Subjects then completed a series of elbow flexion tasks involving intermittent exertions at various intensities. During each trial, subjects used the real-time display to match and maintain a constant baseline force level corresponding to 0%, 25%, or 50% MF. At 1-s intervals during a 10-s period, subjects received a computer-generated audible cue to produce an elbow flexion pulse force to 25%, 50%, or 75% MF. Subjects were instructed to initiate and release these pulse forces as quickly as possible and were able to assess the accuracy of their pulse intensities using the real-time feedback display. Five combinations of the sustained baseline force and intermittent pulse intensity were tested:

  • 1) 0% MF baseline (rest), 25% MF pulse force;
  • 2) 0% MF baseline (rest), 50% MF pulse force;
  • 3) 0% MF baseline (rest), 75% MF pulse force;
  • 4) 25% MF baseline, 50% MF pulse force;
  • 5) 50% MF baseline, 75% MF pulse force.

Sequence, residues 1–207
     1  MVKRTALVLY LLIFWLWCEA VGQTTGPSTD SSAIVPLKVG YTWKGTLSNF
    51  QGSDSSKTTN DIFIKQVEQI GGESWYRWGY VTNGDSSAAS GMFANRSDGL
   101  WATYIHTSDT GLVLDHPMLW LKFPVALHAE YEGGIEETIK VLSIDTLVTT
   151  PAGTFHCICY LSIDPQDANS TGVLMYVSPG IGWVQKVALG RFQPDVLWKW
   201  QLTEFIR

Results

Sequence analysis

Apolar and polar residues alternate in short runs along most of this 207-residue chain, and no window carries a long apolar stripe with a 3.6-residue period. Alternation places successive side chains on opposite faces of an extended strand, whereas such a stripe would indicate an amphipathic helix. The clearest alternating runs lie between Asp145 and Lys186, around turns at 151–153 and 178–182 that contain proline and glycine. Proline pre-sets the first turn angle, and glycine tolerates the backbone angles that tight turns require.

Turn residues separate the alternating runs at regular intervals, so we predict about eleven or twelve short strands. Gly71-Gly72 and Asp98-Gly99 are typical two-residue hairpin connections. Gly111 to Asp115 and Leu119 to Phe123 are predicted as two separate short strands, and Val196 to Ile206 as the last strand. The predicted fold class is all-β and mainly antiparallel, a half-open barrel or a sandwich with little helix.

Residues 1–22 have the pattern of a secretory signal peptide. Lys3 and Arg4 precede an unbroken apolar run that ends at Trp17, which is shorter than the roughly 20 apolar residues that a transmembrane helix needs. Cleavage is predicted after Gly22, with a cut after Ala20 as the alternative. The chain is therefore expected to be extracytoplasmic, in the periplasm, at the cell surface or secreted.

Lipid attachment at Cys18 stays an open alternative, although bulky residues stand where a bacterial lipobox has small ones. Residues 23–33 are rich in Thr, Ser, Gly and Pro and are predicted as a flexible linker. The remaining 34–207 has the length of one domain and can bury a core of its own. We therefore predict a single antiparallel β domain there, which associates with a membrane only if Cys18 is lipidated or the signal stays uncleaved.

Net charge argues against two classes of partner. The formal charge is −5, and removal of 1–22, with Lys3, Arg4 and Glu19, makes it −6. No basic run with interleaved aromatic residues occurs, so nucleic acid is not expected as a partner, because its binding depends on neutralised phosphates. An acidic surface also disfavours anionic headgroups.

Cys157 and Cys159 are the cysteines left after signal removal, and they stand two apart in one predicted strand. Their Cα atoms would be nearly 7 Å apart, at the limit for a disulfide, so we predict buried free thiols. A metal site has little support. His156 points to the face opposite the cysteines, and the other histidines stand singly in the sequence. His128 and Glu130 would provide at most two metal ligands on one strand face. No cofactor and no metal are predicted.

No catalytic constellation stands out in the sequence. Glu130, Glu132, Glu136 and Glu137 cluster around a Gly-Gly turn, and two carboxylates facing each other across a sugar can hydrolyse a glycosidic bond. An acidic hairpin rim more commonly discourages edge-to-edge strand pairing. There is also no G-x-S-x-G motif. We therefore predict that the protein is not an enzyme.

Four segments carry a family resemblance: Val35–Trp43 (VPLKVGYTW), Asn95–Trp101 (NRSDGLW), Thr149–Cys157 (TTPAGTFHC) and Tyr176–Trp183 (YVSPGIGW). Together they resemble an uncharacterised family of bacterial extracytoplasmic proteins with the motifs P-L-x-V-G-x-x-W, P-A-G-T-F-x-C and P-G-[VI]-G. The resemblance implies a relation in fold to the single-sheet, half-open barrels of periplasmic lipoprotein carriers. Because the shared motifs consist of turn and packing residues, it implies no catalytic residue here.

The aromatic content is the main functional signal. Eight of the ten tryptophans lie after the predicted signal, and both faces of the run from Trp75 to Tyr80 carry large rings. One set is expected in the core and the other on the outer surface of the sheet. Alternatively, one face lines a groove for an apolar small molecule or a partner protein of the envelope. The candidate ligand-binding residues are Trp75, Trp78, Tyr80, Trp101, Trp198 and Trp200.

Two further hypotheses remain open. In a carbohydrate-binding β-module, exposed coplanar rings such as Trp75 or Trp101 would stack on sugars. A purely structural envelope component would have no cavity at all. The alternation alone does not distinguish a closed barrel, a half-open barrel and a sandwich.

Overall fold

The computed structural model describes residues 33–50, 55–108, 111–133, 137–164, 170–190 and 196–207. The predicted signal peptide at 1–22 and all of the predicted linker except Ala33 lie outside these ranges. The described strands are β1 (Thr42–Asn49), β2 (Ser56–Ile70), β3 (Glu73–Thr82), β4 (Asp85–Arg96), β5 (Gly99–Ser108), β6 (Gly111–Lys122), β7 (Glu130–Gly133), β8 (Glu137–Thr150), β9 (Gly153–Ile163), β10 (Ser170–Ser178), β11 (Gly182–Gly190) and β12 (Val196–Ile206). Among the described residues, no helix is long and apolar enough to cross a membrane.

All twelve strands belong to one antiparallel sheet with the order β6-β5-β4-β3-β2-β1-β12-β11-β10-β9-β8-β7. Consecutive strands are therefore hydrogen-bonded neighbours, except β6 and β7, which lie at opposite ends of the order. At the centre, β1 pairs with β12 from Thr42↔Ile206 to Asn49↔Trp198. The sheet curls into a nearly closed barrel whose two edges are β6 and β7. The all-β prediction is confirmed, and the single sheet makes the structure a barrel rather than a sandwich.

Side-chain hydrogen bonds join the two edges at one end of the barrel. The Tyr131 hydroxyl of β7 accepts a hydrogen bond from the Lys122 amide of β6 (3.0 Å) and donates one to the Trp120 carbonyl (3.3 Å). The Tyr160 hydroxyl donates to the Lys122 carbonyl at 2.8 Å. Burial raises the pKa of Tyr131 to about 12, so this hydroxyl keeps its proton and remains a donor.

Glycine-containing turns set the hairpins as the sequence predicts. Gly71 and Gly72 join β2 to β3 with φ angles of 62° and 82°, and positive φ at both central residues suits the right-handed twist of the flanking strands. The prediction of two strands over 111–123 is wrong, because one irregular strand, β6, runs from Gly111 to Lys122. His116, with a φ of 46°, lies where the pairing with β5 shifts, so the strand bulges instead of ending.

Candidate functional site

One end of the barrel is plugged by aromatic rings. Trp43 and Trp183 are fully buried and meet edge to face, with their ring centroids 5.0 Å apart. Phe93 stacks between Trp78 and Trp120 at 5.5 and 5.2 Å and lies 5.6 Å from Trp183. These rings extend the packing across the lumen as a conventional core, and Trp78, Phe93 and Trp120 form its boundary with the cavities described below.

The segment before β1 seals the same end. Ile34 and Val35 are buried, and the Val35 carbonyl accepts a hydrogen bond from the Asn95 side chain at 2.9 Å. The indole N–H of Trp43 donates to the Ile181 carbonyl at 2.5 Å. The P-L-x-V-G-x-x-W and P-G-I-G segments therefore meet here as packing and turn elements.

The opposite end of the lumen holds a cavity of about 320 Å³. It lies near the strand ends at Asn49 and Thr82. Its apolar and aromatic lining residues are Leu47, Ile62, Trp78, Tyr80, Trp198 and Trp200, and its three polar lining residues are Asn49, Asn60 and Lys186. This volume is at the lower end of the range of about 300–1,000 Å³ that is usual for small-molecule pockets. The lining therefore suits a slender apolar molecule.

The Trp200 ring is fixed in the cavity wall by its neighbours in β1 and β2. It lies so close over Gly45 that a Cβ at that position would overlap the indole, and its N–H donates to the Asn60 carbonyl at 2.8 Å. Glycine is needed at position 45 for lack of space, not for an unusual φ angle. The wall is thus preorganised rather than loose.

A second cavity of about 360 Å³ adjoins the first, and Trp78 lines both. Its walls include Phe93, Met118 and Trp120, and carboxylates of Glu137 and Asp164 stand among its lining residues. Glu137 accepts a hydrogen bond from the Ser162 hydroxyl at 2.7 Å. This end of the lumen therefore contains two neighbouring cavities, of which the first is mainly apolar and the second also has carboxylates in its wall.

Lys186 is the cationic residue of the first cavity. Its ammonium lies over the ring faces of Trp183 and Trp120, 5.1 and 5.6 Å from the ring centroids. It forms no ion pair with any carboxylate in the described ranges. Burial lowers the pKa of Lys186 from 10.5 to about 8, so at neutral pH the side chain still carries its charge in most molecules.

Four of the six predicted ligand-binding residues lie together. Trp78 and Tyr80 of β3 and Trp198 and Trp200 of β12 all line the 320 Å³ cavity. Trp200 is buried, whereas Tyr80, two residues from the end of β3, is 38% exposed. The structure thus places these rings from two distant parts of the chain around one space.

In trials involving the 0% baselines, subjects were instructed to relax between intermittent exertions so that only a minimal, albeit necessary, amount of tension was maintained in the strain gauge system. This was accomplished by asking subjects to maintain a consistent arm position throughout the duration of each trial. Trials during which the relaxation process resulted in a gross change in arm position or led to slack in the strain gauge system were not accepted. In trials involving the 25% and 50% MF sustained baseline exertions, subjects were instructed to maintain the required baseline intensity immediately before and immediately after every intermittent pulse force exertion (see Fig. 1). Trials were monitored closely by the investigators using the real-time feedback display, and verbal feedback was provided when necessary.